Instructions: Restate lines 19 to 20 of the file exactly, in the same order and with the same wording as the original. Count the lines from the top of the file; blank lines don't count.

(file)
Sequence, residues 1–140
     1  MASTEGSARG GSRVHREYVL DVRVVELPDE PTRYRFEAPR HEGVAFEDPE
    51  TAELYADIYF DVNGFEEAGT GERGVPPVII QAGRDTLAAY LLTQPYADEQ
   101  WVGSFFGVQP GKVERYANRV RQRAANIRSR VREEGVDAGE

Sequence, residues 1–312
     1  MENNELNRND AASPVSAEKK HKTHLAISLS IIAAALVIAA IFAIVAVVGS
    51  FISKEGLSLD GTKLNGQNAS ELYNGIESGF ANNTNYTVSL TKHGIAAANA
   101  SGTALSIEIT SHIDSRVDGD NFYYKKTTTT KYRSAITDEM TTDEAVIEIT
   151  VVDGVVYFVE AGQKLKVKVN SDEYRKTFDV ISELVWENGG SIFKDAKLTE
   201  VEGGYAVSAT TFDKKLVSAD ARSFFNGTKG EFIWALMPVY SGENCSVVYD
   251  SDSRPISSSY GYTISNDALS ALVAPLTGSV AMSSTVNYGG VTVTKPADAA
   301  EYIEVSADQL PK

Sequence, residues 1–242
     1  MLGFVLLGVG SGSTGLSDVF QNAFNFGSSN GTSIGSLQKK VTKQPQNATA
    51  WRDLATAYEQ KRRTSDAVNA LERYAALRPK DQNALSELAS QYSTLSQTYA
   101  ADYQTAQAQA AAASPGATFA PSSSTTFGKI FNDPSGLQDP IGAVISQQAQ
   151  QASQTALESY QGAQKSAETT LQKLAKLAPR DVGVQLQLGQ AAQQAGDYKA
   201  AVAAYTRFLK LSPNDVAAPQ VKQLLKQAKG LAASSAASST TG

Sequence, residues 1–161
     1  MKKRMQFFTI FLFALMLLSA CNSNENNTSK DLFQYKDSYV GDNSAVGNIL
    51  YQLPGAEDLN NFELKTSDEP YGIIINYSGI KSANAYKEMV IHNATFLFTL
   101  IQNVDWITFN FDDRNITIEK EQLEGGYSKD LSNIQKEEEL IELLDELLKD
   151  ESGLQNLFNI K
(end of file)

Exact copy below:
Sequence, residues 1–161
     1  MKKRMQFFTI FLFALMLLSA CNSNENNTSK DLFQYKDSYV GDNSAVGNIL